What are Product Qualified Leads (PQLs)? VS MQLs and SQLs
Updated on Dec 2, 2021
The traditional B2B marketing process has a very simple funnel system. Leads are acquired; they are then ‘marketing qualified’ and pushed to sales. Sales then make their vetting and ‘sales qualify’ the leads before closing the deal. That’s it. But, SaaS companies and product-led companies now have another more important qualification strategy on their plate – Product Qualification.
The SaaS (Product-led) model and how it differs from other B2B models.
The SaaS business model is a subscription-based licensing model offered by software companies. It is fundamentally a product-led model where the product drives acquisition and conversion. The product is tried out before people buy, and since the subscription is renewed on a monthly basis, the product needs to serve the customer in order to be retained. Plus, SaaS products are cheaper than other B2B products/services. Salesforce’s pricing, for example, ranges from 25$ to 300$ per user per month. Many SaaS companies even offer a permanently free plan. This naturally requires the model to be self-service, led by the product at its core. Every customer is guided by sales reps is simply not viable for most SaaS companies.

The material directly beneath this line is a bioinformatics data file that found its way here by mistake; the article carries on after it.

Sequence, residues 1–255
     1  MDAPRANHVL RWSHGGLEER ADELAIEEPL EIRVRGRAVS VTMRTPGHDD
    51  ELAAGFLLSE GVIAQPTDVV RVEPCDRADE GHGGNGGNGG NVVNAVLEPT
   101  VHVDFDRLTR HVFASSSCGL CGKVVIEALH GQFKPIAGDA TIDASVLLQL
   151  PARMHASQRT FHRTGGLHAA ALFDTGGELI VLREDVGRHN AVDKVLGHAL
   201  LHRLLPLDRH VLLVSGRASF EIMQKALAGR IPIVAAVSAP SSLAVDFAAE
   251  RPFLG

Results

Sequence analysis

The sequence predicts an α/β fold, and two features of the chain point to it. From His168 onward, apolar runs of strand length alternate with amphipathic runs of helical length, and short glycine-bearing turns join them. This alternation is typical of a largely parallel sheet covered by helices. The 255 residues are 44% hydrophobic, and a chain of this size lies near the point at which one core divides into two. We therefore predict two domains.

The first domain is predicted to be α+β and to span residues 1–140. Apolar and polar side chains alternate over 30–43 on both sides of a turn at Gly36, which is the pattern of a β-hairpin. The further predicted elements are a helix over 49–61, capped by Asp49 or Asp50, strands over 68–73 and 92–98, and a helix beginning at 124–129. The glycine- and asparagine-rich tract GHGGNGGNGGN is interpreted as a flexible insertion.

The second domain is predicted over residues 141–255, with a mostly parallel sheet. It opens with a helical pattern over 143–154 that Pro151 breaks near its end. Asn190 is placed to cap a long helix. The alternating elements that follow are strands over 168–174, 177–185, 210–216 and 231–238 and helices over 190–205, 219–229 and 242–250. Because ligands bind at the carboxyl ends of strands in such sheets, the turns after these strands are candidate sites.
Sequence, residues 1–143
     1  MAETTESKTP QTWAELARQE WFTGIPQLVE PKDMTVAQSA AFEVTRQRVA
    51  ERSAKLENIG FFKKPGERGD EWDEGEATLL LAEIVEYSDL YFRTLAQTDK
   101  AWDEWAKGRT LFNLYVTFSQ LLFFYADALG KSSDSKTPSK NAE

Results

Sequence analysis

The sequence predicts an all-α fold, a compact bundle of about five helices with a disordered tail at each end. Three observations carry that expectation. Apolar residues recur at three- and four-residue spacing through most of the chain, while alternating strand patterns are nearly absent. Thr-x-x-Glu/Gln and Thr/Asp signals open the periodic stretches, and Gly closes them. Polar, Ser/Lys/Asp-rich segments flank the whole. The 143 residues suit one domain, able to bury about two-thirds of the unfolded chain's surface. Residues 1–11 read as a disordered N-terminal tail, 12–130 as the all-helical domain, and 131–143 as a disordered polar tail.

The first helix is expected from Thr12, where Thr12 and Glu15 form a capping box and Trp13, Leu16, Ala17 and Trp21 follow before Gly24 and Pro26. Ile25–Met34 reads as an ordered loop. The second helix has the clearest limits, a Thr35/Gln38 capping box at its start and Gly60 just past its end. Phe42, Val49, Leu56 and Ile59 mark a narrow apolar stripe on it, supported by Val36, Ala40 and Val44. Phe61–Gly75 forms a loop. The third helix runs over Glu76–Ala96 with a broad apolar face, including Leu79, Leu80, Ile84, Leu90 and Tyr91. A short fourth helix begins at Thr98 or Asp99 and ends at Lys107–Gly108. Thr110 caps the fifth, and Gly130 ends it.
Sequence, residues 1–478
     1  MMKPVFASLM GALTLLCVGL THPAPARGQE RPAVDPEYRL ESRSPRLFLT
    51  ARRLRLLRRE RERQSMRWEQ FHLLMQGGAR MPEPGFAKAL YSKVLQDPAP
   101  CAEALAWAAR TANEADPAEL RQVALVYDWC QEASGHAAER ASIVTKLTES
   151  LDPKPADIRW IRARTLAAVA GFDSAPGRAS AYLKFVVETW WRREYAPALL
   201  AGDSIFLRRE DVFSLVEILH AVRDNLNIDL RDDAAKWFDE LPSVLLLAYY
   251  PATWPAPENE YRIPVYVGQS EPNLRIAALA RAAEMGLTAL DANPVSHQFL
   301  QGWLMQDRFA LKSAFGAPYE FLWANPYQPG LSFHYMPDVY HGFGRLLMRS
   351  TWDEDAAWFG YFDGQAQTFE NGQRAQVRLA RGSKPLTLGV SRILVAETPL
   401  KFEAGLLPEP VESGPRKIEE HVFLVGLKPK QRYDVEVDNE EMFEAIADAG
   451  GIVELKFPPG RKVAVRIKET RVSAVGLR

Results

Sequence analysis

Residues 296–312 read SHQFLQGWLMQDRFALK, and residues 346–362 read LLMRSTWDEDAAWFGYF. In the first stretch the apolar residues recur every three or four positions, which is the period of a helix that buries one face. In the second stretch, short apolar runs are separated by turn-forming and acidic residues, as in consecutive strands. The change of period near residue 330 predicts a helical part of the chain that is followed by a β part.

Salesforce was founded in 1999 specifically with a SaaS business model in mind and is the first company to do so. A few SaaS-type services existed as far back as the 60s, but the momentum shifted after Salesforce launched and went on to become a $300 Billion company (as of Nov 21). Jumping forward to today, many software companies offer subscription-based need products that can be used directly from the web browser.
Now, the sales cycle of a SaaS business is remarkably short when compared to other B2B segments. Many B2B companies have sales cycles that can go even longer than 12 months. For SaaS businesses, the time taken to buy can range anywhere from 1 day to 2 months. There is a reason why most SaaS trials are of 14 days. Plus, with the self-service model in place for most low-ticket subscriptions, buyers can try the software and then do their own due diligence and buy without talking to sales. The SaaS sales and marketing strategy greatly differs from other marketing models. Neil Patel discusses it in one of his blog posts.
The emergence of PQLs and how it fits in
Marketing qualification and sales qualification systems are still relevant as ever. Marketing needs to qualify leads based on the customer profile and sales needs to prioritize higher-ticket leads who need the sales push. But, with centrally hosted software that is accessible within the browser, marketers can track user behavior and milestone completions without invading privacy or breaking data compliance laws. This brings in the PQL system. Product qualification is a process where leads are qualified based on how they engage with your product.
Let’s take an example: You have a great lead who signed up for your application. The lead checks all the boxes in your MQL criteria. But, he/she barely uses the product or does not get any value from it. Will this lead ever buy? Despite being a bad fit, this lead would have otherwise been passed on to the sales funnel if you were using a traditional MQL → SQL model.